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Party Walls

What do we mean when we talk about Party Walls?

Party Walls is a term used for when building works will affect the adjoining owner who shares the Party Wall between two properties. In relation to what is required, we will discuss this in more detail below. The main legislation for this falls under the Party Wall etc Act 1996.

What is the definition of a Party Wall?

A party wall is a wall that sits directly on the boundary of land between two (and sometimes more) different owners. Good examples include the walls that separate terraced or semi-detached houses — or walls that make up the boundary between two gardens (party fence walls).

In cases, the definition can be quite confusing. In simplistic terms, a wall that separates a terraced houses can be classed a Party Wall. However, what happens with flats? 

Although the term Party Walls, seems to be aimed towards a physical wall, which most people will assume is a brickwork or clockwork structure, the term actually means the divider between two units, whether that be a living space or a commercial space. 

So what about flats you might ask?

Well in terms of the wall separating two or more flats this is still called a Party Wall. 

So what about the floor/ceiling between flats you might ask?

Well, this all seems rather confusing, however even floors, ceilings between units of flats or other buildings, although not considered a Party Wall, they are defined as a Party Structure. 

So basically if you are considering structural or destructive works between units or flats that may affect the Party Wall or Party Structure, such as walls, ceilings, floors then these are all considered and included as part of the Party Wall act Act 1996.

So what do I need to do when I am considering works to my property?

You should ensure that you seek professional advice. At Dunham Hale Surveyors, we can assist in helping you to navigate this complex piece of legislation so that you are not put at undue risk when starting works.

What is involved in the process?

Firstly, we would need to see some drawings / plans of your proposed works and make a visit to your property to see if there are any onerous issues that need to be taken into consideration, once we are satisfied with the property we can then start the process of issuing notices to the adjoining owner (the owner or owners affected by your works).

I don’t wish to deal with the Party Wall and have a good relationship with my neighbour.

Irrespective if you have a good relationship with your neighbour, we would still advise you progress with the Party Wall process.

The reason we suggest this, is that before works start you may have a good relationship, however if you damage the neighbours property you may upset them or your relationship with them may break down as a result. This would then leave you at risk of them claiming off you for damages to their property.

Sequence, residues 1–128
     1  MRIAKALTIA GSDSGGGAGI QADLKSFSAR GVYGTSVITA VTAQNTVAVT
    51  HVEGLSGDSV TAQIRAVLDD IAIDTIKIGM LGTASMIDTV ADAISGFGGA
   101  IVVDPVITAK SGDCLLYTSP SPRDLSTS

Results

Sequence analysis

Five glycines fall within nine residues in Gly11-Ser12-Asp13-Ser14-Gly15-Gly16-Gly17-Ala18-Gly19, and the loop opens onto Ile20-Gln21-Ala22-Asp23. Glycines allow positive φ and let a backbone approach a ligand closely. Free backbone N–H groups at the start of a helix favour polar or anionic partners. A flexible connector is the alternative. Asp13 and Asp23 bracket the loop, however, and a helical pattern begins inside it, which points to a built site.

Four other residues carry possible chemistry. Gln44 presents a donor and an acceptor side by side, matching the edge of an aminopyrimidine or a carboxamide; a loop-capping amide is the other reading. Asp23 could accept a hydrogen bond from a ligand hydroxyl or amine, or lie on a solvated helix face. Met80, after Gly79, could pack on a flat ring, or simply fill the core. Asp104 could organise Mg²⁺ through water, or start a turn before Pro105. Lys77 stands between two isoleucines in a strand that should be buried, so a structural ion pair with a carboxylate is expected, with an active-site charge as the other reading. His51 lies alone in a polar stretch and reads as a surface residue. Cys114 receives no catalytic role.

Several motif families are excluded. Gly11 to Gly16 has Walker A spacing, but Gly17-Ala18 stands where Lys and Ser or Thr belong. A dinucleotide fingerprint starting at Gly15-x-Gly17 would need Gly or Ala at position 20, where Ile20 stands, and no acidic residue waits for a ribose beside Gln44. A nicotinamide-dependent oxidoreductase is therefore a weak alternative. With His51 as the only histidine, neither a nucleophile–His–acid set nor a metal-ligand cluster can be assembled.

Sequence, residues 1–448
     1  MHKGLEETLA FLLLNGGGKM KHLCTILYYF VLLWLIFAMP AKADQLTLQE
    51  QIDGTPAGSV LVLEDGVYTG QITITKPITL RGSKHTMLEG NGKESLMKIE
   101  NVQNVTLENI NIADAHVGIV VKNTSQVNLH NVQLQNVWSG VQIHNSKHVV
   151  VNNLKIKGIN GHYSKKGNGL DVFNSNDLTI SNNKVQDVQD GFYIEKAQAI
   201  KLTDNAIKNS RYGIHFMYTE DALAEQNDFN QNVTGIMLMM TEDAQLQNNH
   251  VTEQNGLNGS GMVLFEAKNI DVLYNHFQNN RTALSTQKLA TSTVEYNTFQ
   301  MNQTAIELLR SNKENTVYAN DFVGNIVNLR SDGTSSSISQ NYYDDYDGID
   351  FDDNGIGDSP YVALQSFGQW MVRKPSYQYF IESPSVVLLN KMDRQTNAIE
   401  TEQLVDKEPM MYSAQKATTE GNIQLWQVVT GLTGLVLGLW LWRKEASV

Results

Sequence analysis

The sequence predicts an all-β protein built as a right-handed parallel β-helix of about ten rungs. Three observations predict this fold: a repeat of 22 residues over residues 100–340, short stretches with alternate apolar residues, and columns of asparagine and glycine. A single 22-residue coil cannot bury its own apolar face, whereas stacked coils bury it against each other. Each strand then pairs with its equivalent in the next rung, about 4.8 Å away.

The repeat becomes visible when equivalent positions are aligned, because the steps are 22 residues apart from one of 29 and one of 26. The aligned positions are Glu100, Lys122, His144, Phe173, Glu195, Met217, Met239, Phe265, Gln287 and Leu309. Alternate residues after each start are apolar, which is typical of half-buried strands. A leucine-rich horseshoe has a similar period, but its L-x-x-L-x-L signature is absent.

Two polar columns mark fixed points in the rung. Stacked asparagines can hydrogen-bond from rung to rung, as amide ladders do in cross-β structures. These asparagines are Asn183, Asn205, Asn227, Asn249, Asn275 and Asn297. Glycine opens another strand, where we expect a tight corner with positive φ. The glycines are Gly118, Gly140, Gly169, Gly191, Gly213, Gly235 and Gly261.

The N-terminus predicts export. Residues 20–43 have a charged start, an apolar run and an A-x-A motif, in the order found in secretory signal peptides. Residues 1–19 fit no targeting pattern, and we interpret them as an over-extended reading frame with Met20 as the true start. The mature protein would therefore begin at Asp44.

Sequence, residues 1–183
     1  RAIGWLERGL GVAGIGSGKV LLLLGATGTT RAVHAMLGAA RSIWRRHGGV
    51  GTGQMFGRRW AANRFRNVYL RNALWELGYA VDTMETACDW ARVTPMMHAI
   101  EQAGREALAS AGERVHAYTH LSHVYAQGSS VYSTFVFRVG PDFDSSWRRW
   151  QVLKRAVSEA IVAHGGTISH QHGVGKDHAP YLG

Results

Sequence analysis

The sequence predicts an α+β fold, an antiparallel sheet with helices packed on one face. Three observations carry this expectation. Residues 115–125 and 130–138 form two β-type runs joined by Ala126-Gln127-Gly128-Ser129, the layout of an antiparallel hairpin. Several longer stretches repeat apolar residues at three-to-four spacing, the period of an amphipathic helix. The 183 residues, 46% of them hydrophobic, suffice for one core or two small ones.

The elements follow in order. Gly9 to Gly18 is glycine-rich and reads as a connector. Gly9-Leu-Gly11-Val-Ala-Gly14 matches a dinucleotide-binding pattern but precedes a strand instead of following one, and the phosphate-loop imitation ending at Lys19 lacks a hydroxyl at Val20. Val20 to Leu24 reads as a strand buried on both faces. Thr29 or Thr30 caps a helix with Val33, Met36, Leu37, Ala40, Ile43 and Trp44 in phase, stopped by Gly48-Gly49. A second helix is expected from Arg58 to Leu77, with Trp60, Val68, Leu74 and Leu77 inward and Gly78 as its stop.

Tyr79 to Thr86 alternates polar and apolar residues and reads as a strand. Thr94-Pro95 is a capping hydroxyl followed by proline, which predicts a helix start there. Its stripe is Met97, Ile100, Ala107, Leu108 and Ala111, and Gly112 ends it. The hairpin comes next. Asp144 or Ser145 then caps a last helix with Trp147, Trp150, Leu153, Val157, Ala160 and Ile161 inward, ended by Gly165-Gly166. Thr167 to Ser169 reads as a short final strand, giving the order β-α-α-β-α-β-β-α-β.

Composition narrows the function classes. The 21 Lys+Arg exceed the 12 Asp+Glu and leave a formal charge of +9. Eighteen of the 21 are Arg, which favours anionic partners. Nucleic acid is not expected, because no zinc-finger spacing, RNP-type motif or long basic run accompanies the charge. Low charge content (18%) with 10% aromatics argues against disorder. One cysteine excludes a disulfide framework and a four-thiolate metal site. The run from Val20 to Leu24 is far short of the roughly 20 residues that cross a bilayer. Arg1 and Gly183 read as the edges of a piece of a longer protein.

In most cases, the best way is to ensure that you carry out works without risk. When building works are undertaken, there are always risks. For example, the foundations may need to be excavated deeper than originally anticipated, which may undermine your neighbours property, putting their property at risk. Unfortunately, no-one knows what the ground conditions are until excavations are started and the Party Wall process has contingencies to deal with this.

The Party Wall process is a protection to you and the adjoining owner in case of unforeseen issues that may arise during the works. 

Can I deal with the Party Wall process myself?

The simple answer is yes, on the understanding that you understand the Party Wall etc Act 1996 and are familiar with dealing with the various clauses and procedures needed. We at Dunham Hale Surveyors, feel that this is risky and can lead to issues further down the line if the procedure is not followed in line with the act.

Depending how you look at it, there is no correct answer. The easiest and lowest risk way is to leave the Party Wall process to an expert who has experience. At Dunham Hale Surveyors, we can help and deal with the whole process from start to finish.

I am the adjoining owner, and the building owner has started works without issuing notification to me. What can I do?

We would advise that you first approach them and kindly ask that they stop works immediately and start with formal notification to all adjoining owners under the Party Wall etc Act 1996.

If they require further advice, you can direct them to our website or ask them to call us for further advice. 

At Dunham Hale Surveyors, we are able to advice both the building owner and adjoining owner or owners on the Party Wall process before or during any works are underway.


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